Cart (Loading....) | Create Account
Close category search window

Thermochemistry on the hydrogenated diamond (111) surface

Sign In

Cookies must be enabled to login.After enabling cookies , please use refresh or reload or ctrl+f5 on the browser for the login options.

Formats Non-Member Member
$31 $31
Learn how you can qualify for the best price for this item!
Become an IEEE Member or Subscribe to
IEEE Xplore for exclusive pricing!
close button

puzzle piece

IEEE membership options for an individual and IEEE Xplore subscriptions for an organization offer the most affordable access to essential journal articles, conference papers, standards, eBooks, and eLearning courses.

Learn more about:

IEEE membership

IEEE Xplore subscriptions

3 Author(s)
Harris, Stephen J. ; Physical Chemistry Department, General Motors Research Labs, Warren, Michigan 48090‐9055 ; Belton, David N. ; Blint, Richard J.

Your organization might have access to this article on the publisher's site. To check, click on this link: 

As part of our effort to control the growth of diamond films by chemical vapor deposition, we are studying the chemical mechanism for conversion of gas phase hydrocarbons into diamond. In this work we analyze the thermochemistry of a number of structures on the hydrogenated diamond (111) surface. We use the MM2 molecular mechanics force field to calculate strain energies, which are due to crowding of adsorbed species on the surface, and we use a group additivity scheme to estimate bond enthalpies and entropies. These data allow calculation of equilibrium structures on the surface and, together with estimates for rate constants, will permit a prediction for the kinetics of diamond formation as a function of growth conditions. We find that a straightforward abstraction/addition mechanism using either CH3 or C2H2 to grow on a hydrogenated (111) surface cannot account for experimentally measured growth rates. We suggest that experimental measurements of growth rates on (111) surfaces are strongly influenced by growth at steps, kinks, and edges on those surfaces.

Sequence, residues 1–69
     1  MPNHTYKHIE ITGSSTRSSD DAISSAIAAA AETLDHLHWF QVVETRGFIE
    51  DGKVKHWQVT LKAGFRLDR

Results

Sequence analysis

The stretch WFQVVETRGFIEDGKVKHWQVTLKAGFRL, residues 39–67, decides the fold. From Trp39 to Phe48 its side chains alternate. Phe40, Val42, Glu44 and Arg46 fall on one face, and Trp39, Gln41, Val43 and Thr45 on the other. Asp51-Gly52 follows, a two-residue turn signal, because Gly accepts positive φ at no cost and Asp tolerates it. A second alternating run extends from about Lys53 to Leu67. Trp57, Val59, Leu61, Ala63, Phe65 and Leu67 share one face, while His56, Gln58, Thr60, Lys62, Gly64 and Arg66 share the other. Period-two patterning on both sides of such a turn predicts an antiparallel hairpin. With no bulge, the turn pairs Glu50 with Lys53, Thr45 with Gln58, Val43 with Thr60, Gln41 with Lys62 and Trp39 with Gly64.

Published in:

Journal of Applied Physics  (Volume:70 ,  Issue: 5 )

Date of Publication:

Sep 1991

Need Help?

IEEE Advancing Technology for Humanity About IEEE Xplore | Contact | Help | Terms of Use | Nondiscrimination Policy | Site Map | Privacy & Opting Out of Cookies

A not-for-profit organization, IEEE is the world's largest professional association for the advancement of technology.
© Copyright 2014 IEEE - All rights reserved. Use of this web site signifies your agreement to the terms and conditions.